Have all your meetings and social gatherings moved online while you keep an appropriate distance? We’re doing the same as we work to support our partners and keep their critical work going in the communities we serve.
Across Latin America, many countries are on high alert for COVID-19. In Guatemala, borders have been closed, Colombia has declared a state of economic and social emergency. Check out the update from Nicaragua below. All of our partners tell us that they see massive disruptions on the horizon, but we will continue the course – with your help.
Before you head into your next meeting, family check-in, or social meet up, make a suggested donation of $20 or more & we’ll send you a selection of 8 ZOOM-ready background photos from the beautiful places where we work with our coffee-farming partners.
The co-ops and families we work with count on our organization to keep life-saving food security programs running. Coffee-farming families are creating organic home gardens, diversifying their income through beekeeping, and building resilient communities that are better equipped to weather crises like this one.
Update from the field: Nicaragua
Across Latin America, many countries remain on high alert for COVID-19. In Guatemala, borders have been closed, Colombia has declared a state of economic and social emergency. Nicaragua has yet to put out a national order on social distancing. Our partners at SOPPEXCCA, a cooperative in Nicaragua, recently sent this update:
“Women participating in the Mercadito Farmers Market are taking steps to ensure safety, health and hygiene. They’re using masks and gloves, and practicing social distancing with customers. While some are anxious about the virus, they continue to sell their produce because the income is so important to them.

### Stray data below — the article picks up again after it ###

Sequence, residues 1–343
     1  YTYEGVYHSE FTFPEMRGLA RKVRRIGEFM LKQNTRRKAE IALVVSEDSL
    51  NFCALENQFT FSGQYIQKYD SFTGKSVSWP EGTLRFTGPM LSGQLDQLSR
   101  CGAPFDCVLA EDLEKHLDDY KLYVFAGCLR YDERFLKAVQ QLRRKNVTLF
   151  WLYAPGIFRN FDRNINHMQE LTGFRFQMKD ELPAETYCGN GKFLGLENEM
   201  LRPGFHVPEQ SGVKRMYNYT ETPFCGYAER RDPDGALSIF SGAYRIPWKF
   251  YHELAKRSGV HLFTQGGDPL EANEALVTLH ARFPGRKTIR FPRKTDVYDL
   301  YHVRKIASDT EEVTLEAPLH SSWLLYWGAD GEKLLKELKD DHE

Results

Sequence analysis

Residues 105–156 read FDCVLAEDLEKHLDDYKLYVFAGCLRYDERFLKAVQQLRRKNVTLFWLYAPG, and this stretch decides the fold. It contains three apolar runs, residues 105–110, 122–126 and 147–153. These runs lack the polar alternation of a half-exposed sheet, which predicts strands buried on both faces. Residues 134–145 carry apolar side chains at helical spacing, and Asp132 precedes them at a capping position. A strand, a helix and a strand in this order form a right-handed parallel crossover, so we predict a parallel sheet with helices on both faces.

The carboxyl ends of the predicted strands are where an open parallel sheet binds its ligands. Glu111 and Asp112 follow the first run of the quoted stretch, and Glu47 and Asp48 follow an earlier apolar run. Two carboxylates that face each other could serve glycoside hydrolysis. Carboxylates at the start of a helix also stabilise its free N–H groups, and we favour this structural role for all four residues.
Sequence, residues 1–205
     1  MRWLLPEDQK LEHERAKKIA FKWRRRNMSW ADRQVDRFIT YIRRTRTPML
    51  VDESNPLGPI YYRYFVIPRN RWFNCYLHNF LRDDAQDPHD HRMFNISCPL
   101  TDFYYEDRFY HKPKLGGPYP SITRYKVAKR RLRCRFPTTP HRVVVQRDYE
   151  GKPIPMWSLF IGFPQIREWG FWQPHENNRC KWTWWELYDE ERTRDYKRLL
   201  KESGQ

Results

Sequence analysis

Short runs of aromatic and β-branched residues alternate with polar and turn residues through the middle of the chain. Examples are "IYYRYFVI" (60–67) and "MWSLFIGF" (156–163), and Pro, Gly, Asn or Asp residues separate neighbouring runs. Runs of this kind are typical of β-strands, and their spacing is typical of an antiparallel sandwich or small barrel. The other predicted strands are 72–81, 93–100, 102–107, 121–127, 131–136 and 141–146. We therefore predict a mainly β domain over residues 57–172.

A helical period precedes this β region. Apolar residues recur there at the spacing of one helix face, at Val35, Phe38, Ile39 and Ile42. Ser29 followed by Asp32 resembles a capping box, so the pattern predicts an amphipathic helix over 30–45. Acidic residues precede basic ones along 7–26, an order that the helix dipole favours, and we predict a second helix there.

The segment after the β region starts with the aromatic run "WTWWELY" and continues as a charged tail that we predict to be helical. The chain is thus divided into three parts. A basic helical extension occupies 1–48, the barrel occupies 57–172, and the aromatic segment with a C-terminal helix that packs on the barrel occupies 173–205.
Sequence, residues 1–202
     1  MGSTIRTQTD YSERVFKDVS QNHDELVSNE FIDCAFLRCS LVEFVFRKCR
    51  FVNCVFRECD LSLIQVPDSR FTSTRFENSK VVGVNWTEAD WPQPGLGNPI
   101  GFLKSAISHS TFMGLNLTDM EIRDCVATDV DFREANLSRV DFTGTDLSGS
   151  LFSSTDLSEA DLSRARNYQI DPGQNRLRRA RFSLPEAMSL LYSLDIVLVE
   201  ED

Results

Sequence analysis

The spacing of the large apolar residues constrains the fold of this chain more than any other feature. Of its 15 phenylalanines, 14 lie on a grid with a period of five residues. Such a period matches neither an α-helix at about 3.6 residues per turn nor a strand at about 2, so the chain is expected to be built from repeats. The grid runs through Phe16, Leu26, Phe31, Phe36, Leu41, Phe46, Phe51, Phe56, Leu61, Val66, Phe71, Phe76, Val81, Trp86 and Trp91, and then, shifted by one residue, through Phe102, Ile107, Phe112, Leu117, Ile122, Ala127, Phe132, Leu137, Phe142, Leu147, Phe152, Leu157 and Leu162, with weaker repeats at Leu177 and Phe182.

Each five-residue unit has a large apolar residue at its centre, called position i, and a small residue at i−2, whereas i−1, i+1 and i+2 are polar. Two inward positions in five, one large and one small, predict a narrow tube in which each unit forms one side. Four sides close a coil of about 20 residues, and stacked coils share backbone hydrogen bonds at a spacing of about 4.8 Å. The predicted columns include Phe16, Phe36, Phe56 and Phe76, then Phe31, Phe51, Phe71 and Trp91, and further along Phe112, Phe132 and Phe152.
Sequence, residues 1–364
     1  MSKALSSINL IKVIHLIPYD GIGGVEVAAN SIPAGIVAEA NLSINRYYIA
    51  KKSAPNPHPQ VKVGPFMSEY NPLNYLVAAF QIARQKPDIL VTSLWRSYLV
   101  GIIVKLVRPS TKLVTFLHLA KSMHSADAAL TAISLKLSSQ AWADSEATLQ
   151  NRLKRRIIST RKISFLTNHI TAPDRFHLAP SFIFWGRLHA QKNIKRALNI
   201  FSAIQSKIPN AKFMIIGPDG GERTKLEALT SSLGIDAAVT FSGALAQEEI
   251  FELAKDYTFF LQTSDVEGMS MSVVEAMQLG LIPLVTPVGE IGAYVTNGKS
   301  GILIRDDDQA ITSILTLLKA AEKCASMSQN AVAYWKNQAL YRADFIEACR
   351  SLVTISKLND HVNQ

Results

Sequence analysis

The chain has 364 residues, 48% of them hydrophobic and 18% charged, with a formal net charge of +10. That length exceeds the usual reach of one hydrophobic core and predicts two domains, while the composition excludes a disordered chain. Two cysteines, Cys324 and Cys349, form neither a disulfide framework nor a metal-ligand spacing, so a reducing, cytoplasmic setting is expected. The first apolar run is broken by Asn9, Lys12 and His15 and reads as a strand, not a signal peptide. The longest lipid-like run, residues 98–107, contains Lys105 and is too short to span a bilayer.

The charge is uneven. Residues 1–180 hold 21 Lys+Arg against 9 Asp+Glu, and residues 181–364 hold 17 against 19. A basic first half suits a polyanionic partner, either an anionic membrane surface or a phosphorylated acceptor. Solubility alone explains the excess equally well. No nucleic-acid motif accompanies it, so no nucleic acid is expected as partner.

“The market remains busy, in fact, it has sold out more quickly than usual over the last three days. We are looking into how we might offer pre-orders and send produce by bus. The women are also adding tamales to the products on offer in anticipation of Easter.
“Training activities will be delayed, but the gardens remain active and are providing food for families. We are sending seeds and fertilizer to the farmers market participants by bus, and our young promoters in communities are distributing them to the women.
“Families are hopeful that schools will stay open, as many depend on the schools to feed their children and the school gardens supply high quality lunches and healthy snacks. Food prices are now rising, especially for staples like rice, corn and beans.”
We are working hard to provide resources for the farmers market and school gardens, but we need more support to maintain these important programs. All our partners tell us that they see massive disruptions on the horizon, but they are committed to continue building food security. Please consider a donation to keep this work going!